Last week, General Motors discontinued a number of passenger car models. It joins Ford and Fiat Chrysler on the pickup truck/SUV gravy train. SUVs and trucks are hot right now, have bigger profit margins for manufacturers than cars, and prove that we as a nation learned nothing from the high gas prices of 2004-2009.
American passenger cars also suffered from poor at-home reputations compared to Japanese, Korean and European imports. Today, I’d like to eulogize a much-maligned American vehicle that nevertheless sold 1.3 million units: The Chrysler PT Cruiser.
The PT Cruiser is a strange, strange car. “PT” stands for
Politics Thread Playable Trailer Plymouth Truck, and reflects the vehicles origins in Chrysler’s defunct Plymouth marque. Wikipedia asserts that this was because the Cruiser was intended to be classified as a truck by the NHTSA. This raises an interesting question: What type of vehicle is the PT Cruiser?
To look at it, the obvious answer is “station wagon.” But station wagons are typically variant models of sedans, and there was never a PT Cruiser that had the typical sedan three-box shape. There was, however, a convertible, and if you haven’t seen one in person, they are so, so much worse than the regular PT Cruiser:
In the movie Widows, a PT Cruiser appears briefly at a car auction in a lineup of vans, which is hilarious. (To be fair, the second row of seats is removable.) The answer lies in the car’s styling: It is a sedan, but not a modern one. It’s a sedan from the 1930s, as rodded out by a greaser of the ’50s.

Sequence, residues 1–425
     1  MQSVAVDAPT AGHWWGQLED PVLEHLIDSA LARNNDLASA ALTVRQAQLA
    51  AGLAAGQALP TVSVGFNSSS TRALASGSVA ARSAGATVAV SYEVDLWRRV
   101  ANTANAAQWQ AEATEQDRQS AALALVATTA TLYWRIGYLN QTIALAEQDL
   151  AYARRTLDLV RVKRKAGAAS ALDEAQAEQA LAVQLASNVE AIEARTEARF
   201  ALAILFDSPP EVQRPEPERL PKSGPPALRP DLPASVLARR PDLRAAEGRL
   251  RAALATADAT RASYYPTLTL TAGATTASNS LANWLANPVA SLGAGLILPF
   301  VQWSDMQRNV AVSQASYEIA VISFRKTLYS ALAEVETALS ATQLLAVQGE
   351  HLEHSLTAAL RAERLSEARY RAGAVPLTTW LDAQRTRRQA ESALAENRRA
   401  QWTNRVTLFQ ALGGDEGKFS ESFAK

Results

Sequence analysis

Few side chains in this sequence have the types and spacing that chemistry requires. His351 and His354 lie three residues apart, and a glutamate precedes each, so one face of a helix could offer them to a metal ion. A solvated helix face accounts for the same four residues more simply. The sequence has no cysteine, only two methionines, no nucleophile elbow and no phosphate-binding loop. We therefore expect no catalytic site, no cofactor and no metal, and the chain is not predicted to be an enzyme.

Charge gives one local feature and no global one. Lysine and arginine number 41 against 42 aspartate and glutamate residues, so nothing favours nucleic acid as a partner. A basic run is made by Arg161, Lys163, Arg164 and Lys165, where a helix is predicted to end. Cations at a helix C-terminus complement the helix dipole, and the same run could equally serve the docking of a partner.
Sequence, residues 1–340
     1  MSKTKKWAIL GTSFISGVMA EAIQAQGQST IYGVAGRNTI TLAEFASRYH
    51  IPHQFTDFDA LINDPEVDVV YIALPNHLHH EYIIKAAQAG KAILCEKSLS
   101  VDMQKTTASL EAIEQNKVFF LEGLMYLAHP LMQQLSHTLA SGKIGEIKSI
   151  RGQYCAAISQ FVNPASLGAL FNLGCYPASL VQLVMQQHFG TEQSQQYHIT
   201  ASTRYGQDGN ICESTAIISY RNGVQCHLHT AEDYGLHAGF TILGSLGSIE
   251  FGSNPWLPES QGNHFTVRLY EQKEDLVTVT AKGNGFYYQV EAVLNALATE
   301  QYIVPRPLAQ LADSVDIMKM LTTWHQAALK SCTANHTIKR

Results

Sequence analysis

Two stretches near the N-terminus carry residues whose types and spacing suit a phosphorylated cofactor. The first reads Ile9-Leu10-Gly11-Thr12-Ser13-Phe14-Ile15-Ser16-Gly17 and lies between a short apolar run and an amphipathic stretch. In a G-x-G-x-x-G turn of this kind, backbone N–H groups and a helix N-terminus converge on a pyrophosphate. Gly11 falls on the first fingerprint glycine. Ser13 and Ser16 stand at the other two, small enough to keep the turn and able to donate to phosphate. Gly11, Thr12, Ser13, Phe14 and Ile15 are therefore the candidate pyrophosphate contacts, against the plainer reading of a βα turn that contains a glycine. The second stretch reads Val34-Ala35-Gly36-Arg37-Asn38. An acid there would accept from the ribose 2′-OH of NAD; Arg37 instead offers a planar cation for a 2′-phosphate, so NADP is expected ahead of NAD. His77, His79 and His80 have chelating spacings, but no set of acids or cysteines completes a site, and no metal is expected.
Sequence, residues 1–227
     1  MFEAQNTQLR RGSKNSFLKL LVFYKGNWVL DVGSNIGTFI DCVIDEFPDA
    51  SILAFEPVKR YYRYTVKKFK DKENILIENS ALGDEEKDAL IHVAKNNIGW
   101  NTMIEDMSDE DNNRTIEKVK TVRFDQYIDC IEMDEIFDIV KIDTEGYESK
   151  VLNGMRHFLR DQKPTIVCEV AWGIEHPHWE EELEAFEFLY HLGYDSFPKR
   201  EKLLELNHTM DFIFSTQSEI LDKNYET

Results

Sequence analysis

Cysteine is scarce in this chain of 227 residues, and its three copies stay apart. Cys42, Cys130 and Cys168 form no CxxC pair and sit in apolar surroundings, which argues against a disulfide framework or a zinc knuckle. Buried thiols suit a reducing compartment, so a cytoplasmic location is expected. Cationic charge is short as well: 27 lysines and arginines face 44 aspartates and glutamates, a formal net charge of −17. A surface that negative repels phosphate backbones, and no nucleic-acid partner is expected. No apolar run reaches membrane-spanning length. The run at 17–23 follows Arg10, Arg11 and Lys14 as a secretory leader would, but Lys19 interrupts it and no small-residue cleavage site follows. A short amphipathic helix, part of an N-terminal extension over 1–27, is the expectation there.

If the idea of making a production car look like a hot rod sounds stupid to you, congratulations, you are not PT Cruiser material. Going into production just before the Baby Boomers started hitting retirement age, the PT Cruiser features touches like an analog clock, a shifter with an oversized ball at the top, and big, big instrument dials for those with poor eyesight. The aging Boomers (and the already-retired Silent Generation, the onetime kids you see sock-hopping in movies from the ’50s) finally had a car for them.
But how sad is the PT Cruiser, really? Once you hit a certain age, you start noticing that the only people who drive Corvettes are men in their ’50s. “Cool” cars are only affordable once you’ve reached a certain level of income, and by the time you get there, you are almost assuredly no longer cool. Maybe it’s more honest to just own an uncool car. Not that Chrysler didn’t try to make it cool, with a bevy of trim packages that somehow only made things worse:
What I really want to do is make a movie where the main character lives in a junkyard and has assembled a Frankencruiser out of completely mismatched body panels and trim accessories. You could end up with something that looked like a smaller version of the Partridge Family bus in pretty short order.
I’ve got an alright eye for trends, and here’s my prediction: Culturally, the PT Cruiser will become the new AMC Gremlin. The Gremlin was a weird-looking car, like the PT Cruiser. The Gremlin had a poor mechanical reputation, but lacked any one killer design flaw, like the PT Cruiser. And the Gremlin sold well, but not well enough to save its parent company, like the PT Cruiser.
After being rescued from bankruptcy by Fiat in the Great Recession, Chrysler built the PT Cruiser for one more model year. The Chrysler marque is now down to two vehicles: The Pacifica minivan (the old Town & Country with a new nameplate) and the 300, a luxury rear-wheel drive car. If Fiat shuts Chrysler down, to focus on Jeep and Ram, the PT Cruiser will stand as the last high-water mark of a dead brand. Then, it will have finally achieved its destiny as the new AMC Gremlin.